In her new book, ‘Nature Swagger’, Rue Mapp shines a light on black joy outdoors
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If there’s one thing Rue Mapp wants you to know, it’s that nature is for everyone. “It’s something universal,” says Mapp. “Anyone can touch it.
That sentiment is loud and clear in his new book, Nature’s swagger, released on November 1. The 192 pages of the visual book, as Mapp describes it, are filled with portraits and personal essays of black travellers, highlighting their experiences in the great outdoors, from breakthroughs achieved by climbing Africa’s tallest mountain, to learning (and teaching) about sustainability through beekeeping, and beyond.
This effort to showcase black joy in nature is something anyone who knows Mapp will know. His non-profit organization and community, Outdoor Afro, is built around the same principle, with the express purpose of changing the narrative of who outdoor activities are through visual representation, while celebrating and inspiring leadership. black in nature. “Get out, but head outside,” Mapp likes to say.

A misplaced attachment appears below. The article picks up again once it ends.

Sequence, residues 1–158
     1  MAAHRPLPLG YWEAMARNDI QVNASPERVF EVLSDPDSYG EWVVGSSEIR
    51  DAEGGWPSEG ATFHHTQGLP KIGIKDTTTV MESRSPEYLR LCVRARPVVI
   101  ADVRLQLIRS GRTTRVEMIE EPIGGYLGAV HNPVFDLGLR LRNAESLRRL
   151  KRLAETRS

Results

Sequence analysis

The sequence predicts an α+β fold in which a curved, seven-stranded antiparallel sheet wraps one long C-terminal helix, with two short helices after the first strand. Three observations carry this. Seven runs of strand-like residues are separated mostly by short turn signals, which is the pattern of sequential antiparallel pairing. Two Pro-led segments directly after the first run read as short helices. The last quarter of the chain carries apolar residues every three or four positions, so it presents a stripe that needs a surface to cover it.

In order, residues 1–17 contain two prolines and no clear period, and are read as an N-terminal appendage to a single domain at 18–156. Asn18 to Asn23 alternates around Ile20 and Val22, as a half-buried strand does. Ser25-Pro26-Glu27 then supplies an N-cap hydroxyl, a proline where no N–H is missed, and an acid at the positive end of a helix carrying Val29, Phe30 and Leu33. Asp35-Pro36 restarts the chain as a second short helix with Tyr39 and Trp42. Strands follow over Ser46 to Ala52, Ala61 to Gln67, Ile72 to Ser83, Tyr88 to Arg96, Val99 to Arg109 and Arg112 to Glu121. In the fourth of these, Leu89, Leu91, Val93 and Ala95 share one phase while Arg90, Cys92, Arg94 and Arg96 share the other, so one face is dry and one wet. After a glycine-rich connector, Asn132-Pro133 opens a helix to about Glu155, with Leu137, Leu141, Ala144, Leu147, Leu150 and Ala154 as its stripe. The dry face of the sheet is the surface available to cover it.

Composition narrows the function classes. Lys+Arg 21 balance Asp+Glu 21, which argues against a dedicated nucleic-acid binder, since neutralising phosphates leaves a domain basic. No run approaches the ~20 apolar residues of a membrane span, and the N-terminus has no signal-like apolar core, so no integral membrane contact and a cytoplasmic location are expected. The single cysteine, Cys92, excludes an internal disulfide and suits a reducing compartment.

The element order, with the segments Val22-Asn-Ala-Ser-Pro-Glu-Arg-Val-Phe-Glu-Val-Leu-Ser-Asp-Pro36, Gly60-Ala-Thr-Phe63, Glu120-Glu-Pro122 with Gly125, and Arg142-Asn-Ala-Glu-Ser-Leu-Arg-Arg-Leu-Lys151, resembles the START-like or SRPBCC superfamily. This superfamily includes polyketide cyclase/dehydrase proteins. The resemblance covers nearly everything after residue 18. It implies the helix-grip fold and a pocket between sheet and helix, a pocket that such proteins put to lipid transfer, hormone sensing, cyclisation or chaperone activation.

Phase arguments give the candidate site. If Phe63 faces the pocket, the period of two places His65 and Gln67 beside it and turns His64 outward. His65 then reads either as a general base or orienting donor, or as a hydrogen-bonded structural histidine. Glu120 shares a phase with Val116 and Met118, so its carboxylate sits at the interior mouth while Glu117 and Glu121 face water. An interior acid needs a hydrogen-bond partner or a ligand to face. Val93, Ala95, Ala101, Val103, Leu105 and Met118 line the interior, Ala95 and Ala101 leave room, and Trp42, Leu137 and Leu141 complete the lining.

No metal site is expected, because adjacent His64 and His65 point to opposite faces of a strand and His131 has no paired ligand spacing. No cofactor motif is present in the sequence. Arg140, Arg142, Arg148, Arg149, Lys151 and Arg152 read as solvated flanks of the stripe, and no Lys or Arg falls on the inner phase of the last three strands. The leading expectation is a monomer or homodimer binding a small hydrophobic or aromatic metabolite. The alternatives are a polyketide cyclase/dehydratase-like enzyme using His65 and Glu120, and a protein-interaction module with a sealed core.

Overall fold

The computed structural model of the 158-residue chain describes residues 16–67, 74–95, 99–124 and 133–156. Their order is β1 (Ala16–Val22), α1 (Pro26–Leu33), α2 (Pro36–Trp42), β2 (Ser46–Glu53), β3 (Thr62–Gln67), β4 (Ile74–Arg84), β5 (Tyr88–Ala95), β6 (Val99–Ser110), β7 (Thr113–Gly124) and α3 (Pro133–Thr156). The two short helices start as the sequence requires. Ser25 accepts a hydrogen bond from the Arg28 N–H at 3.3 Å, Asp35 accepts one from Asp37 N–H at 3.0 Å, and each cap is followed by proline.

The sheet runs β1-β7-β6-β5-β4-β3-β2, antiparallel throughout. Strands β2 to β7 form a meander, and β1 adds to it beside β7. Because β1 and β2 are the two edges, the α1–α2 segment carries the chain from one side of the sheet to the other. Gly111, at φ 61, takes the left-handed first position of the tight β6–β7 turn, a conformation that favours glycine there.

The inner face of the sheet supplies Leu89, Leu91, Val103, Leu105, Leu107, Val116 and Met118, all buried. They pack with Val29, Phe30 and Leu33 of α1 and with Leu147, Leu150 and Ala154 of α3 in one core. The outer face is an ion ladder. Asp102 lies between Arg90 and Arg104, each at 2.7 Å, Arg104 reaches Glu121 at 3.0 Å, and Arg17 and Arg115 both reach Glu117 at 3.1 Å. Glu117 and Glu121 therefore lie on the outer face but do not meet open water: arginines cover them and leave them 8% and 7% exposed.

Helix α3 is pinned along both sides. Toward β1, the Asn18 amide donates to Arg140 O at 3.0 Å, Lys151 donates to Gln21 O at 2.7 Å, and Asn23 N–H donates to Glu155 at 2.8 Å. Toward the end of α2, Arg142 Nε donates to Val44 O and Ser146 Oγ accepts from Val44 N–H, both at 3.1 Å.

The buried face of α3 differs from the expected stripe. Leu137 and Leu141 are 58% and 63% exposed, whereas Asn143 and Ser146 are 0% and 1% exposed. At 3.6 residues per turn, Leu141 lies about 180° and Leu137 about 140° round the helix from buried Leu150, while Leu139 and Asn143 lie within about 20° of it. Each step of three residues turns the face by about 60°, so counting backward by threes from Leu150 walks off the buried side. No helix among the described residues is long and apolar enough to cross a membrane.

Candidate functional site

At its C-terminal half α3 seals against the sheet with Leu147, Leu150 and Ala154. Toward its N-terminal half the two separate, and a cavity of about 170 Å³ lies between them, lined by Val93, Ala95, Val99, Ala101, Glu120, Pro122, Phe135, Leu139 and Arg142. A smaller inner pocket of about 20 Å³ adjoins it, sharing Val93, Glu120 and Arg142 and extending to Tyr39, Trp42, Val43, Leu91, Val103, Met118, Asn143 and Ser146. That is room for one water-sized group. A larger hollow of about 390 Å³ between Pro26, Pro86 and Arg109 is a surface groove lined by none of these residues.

In this book, the work continues in an entirely new format. We spoke with Mapp about creating nature swagger, and how she hopes it will be something all travelers can connect with — plus, she reflects on her own moments of clarity found in nature (including one while hiking with Oprah).
How did you find the title Nature’s swagger?
I’ve been using the term “nature swagger” since the very beginning of Outdoor Afro. Maybe four or five years ago the term came to mind how “Outdoor Afro” came to me. It was one of those phrases that made a lot of sense to describe what I hoped people would achieve through their experiences in nature, but also specifically through Outdoor Afro. I thought a lot, of course, about my own family background, growing up in nature, and how my parents moved around with a kind of confidence and assurance that was inspired by nature. So, for me, it was about a nature-friendly way of life, filled with both confidence and ease. The opportunity we all have to tap into this for the purpose and benefit of our own lives is something I wanted this book to pay tribute to.